Tuesday, December 28, 2010

Lost and Found

Lost And Found is a well-intentioned book. It has its heart in the right place. It’s only the mind which has gone for a long, meandering walk. The result is a plot so full of strains, threads and characters, that you stand a risk of losing yourself — and not in a good way either.

Lakshmi is the content writer for a porn website about ‘the sensory adventures of a beautiful, blind girl’ called, not very originally, ‘Kavita’. Years back, after a sexual encounter on a train one night, Lakshmi had become pregnant. Of the twins she delivered, one was abandoned in a temple and the other was given to a stranger in a taxi. One twin, Nirmal, is now a street child/actor, and the other, Salim, is a Pakistani jehadi. He is in Mumbai as a part of the 26/11 terror squad.

Placid Hari Odannur, a freelance journalist, is the one who, Lakshmi insists, forced himself on her 16 years ago. So, in the present, a night before the terror attack, she has kidnapped him and tied him up in her bathroom. The attack is set against this melee, a Cow Sena march, the terrorist-minder’s midlife crisis, newspaper-office politics and a rickshaw driver’s day.

In the hands of a less self-conscious writer, one with more rigour and economy of expression, the story might have crackled surreally. Surendran’s sub-plots, multiple threads, and tendency to tell you too much about every minor character, get tiresome. Sometimes you feel he is trying hard — but failing — to evoke a Llosa, a Marquez, and even, in desperation, a Manmohan Desai. His prose sparkles occasionally, when he manages to restrain himself from saying too much.

The book does have a few truly attractive elements. The fact that Surendran locates the story in the 26/11 attacks, and decides to delve a bit deeper there, to humanise those that the media has demonised entirely, is interesting. You get a definite sense of his engagement with Mumbai, its history, its realities and the way forces of fundamentalism play out here. To be fair, the novel does tighten up around halfway through.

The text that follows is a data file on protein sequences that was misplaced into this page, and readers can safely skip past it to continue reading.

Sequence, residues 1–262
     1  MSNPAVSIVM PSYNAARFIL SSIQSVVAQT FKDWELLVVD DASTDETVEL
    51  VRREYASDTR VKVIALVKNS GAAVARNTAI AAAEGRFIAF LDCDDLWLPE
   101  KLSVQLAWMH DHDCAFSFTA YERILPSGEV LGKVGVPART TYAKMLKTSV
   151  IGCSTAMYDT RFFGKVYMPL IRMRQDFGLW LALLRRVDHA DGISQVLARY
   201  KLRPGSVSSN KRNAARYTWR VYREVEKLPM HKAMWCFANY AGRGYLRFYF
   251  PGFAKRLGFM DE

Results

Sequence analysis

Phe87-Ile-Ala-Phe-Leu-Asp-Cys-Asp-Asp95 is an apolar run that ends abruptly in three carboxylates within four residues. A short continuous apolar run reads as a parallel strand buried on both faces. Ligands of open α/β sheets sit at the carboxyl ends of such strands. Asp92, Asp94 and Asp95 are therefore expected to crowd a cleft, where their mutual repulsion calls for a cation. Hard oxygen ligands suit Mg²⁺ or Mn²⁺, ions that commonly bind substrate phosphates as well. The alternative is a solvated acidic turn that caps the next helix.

The teeming landscape of Lost And Found is peppered with the implausible — a double-edged sword which perhaps only authors with the right mix of control and madness must play with. Because we have grown up on Manmohan Desai, we will buy the long-lost-brothers thing, and even the madness of the fictive world where the entire ‘family’ comes together in the course of one turbulent night. But even within this fictional universe, it’s hard to believe that Lakshmi, 19, educated and middle-class, would have had to run away to Goa and spend her pregnancy selling trinkets on a beach. Finally, it is the ham-handed treatment, the lack of really nuanced dialogues and situations that fails Lost And Found.

The newspaper’s dynamics are entertaining, but Surendran spends too much time exploring the local colour of the journalist’s world to really plunge deep. Lakshmi and her friend Beverly show little or no character development. Hari, too, though 35, seems implausibly adolescent. The street boy and the rickshaw driver often become clichés. Culpably, the characters often use words that are more the author’s than their own.

Surendran probably set off to create a mad, chaotic, maelstrom of a book. What he has done, though, is write one that has so many layers piled on to it that it sags under the weight of its own cleverness. And somehow, you can’t help but resent the writer for botching up what must have been a remarkable idea to begin with.

(This review appeared in the DNA of Sunday, Dec 26)

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